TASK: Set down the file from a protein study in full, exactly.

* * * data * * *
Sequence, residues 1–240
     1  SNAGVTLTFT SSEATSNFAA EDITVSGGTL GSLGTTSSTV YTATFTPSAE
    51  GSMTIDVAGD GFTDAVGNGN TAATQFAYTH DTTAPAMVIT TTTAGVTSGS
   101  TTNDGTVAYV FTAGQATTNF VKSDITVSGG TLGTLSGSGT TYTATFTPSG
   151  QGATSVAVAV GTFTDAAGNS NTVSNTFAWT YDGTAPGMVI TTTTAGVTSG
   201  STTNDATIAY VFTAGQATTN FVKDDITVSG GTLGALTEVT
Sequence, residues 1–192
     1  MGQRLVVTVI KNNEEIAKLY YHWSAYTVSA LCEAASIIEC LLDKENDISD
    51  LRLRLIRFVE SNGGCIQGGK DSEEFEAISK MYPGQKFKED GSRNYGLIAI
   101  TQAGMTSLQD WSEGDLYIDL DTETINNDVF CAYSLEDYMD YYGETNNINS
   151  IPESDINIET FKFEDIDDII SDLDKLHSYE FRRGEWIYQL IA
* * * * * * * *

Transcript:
Sequence, residues 1–240
     1  SNAGVTLTFT SSEATSNFAA EDITVSGGTL GSLGTTSSTV YTATFTPSAE
    51  GSMTIDVAGD GFTDAVGNGN TAATQFAYTH DTTAPAMVIT TTTAGVTSGS
   101  TTNDGTVAYV FTAGQATTNF VKSDITVSGG TLGTLSGSGT TYTATFTPSG
   151  QGATSVAVAV GTFTDAAGNS NTVSNTFAWT YDGTAPGMVI TTTTAGVTSG
   201  STTNDATIAY VFTAGQATTN FVKDDITVSG GTLGALTEVT
Sequence, residues 1–192
     1  MGQRLVVTVI KNNEEIAKLY YHWSAYTVSA LCEAASIIEC LLDKENDISD
    51  LRLRLIRFVE SNGGCIQGGK DSEEFEAISK MYPGQKFKED GSRNYGLIAI
   101  TQAGMTSLQD WSEGDLYIDL DTETINNDVF CAYSLEDYMD YYGETNNINS
   151  IPESDINIET FKFEDIDDII SDLDKLHSYE FRRGEWIYQL IA